South and Central America and Mexico, have a diverse range of habitats of tropical rainforest to dry subtropical forests, grassland savannah, alpine flora and desert areas. It is home to some of the world’s most recognised and unique plants, such as bromeliads, heliconia, orchids, tillandsia, alstroemeria, zebra plant, begonias, jacaranda and tibouchina (glory bush) as well as to many of our favourite fruits and vegetables, such as tomato, potato, egg plant, corn, avocado, peanut, vanilla, chilli, pineapple and quinoa.
Gardens to see and visit in South America, Central America and Mexico include historic European-style gardens, botanic gardens of native plants, large gardens around wine estates, hotel and resort gardens, the famous floating gardens of Xochimilco, Burle Marx gardens in Brazil, plus and many large contemporary greenwalls and artist's gardens.
Country guides within this region:
"South America is a feast for garden lovers – that’s apart from a warm welcome. In Peru you’re in awe of ancient natural and man-made landscapes; Chile celebrates outstanding landscape designers; Brazil includes Roberto Burle Marx’ significant legacy; Argentinean gardens reflect European heritage; and in Colombia creative designers have transformed public areas into sanctuaries for proud residents."
Garden Travel Guide to South and Central America and Mexico
Geography of South and Central America
Nestled between the Caribbean, the South Pacific, and the South Atlantic Oceans, South America is the wilder of the Americas, and a continent of superlatives. Central America is the thin section of land that links the North American continent with the South American continent.
Geographically part of North America, Central America is Mexico and seven small, mostly tropical countries that have much more in common with South America than the rest of North America. Many of the countries of both Central and South Americas share language. Except for Belize and Guyana (English), Suriname (Dutch), French Guyana ( French) and Brazil (Portuguese) the other 15 countries all speak an American version of Spanish as their official language.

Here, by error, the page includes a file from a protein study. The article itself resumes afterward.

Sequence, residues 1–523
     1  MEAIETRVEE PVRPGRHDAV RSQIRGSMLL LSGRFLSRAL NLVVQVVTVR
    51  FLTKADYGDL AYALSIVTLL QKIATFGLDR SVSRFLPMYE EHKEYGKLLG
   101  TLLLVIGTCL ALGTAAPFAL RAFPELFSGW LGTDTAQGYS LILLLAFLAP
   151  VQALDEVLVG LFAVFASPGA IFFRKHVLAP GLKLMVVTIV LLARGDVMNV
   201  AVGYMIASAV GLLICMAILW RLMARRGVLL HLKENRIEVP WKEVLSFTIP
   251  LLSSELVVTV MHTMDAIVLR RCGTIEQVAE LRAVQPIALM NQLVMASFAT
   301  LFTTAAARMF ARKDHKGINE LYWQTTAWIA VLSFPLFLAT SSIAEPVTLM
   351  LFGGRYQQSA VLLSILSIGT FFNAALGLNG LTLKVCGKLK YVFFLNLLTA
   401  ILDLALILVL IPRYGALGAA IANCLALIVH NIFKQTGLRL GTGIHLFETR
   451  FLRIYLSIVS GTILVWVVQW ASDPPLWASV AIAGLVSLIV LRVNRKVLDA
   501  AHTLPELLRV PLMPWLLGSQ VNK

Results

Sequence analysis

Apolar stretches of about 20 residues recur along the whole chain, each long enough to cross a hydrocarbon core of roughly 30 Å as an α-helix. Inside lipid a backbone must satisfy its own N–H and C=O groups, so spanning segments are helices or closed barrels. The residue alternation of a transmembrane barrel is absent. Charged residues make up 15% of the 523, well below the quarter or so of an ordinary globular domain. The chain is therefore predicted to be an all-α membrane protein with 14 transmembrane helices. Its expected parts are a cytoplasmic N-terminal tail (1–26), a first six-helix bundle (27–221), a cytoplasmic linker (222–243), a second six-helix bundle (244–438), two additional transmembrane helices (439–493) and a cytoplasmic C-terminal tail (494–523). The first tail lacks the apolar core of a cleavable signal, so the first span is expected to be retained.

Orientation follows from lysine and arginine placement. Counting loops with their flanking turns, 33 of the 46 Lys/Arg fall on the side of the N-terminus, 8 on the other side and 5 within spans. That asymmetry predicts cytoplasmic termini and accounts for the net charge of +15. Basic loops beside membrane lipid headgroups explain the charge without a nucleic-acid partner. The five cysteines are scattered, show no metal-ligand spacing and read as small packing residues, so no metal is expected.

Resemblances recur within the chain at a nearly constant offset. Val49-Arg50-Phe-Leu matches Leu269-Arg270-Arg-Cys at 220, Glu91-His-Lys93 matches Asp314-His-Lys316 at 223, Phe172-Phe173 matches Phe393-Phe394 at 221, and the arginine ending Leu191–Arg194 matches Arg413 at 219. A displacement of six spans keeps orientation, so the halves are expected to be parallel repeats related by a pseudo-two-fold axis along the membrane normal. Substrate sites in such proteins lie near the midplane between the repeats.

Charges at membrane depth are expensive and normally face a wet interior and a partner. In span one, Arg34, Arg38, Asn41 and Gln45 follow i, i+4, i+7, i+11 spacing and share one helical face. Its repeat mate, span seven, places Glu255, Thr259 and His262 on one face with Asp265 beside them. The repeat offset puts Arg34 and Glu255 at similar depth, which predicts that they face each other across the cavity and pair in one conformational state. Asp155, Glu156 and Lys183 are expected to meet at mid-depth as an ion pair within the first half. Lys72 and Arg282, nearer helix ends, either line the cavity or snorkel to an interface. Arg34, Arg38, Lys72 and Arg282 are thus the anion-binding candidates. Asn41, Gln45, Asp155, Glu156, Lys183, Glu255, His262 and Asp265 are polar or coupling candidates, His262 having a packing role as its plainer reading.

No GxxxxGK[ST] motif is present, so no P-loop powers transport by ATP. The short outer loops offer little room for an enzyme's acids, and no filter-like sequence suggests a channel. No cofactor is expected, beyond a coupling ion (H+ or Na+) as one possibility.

Many of the countries also share some similar colonial histories and as a result some common religions and cultural identifiers. But the pre-Colombian cultures differed and the geographical diversity is immense as it spans a distance of 10,000 km from north to south and includes some of the world’s most extreme landforms and natural phenomena.
The region is home to the world’s highest uninterrupted waterfall, the highest single drop waterfall, the largest river by volume, the longest mountain range, the highest mountain outside Asia, the driest place on earth, the largest rainforest, the highest capital city, the highest commercially navigable lake in the world, and excluding research stations in Antarctica, the world’s southernmost permanently inhabited community.
The region is one of the most biodiverse on earth. It is home to many interesting and unique species and the Amazon rainforests particularly, possess high biodiversity, containing a major proportion of the Earth’s species.
And the work of man has also left rare gems on the continent: ruins of ancient civilizations share the continent with world-class metropolises, outstanding modern architecture, European architecture, the oldest rock paintings in the Americas, strong African heritage , genuine indigenous and Eastern culture mingled with the traces of Spanish and Portuguese colonizers. Some of its biggest festivities, such as Rio’s Carnival and Belem’s Cirio de Nazaré, the Tango World Championship, and the Vendimia festival in Argentina, are also part of this incredibly diverse and attractive region.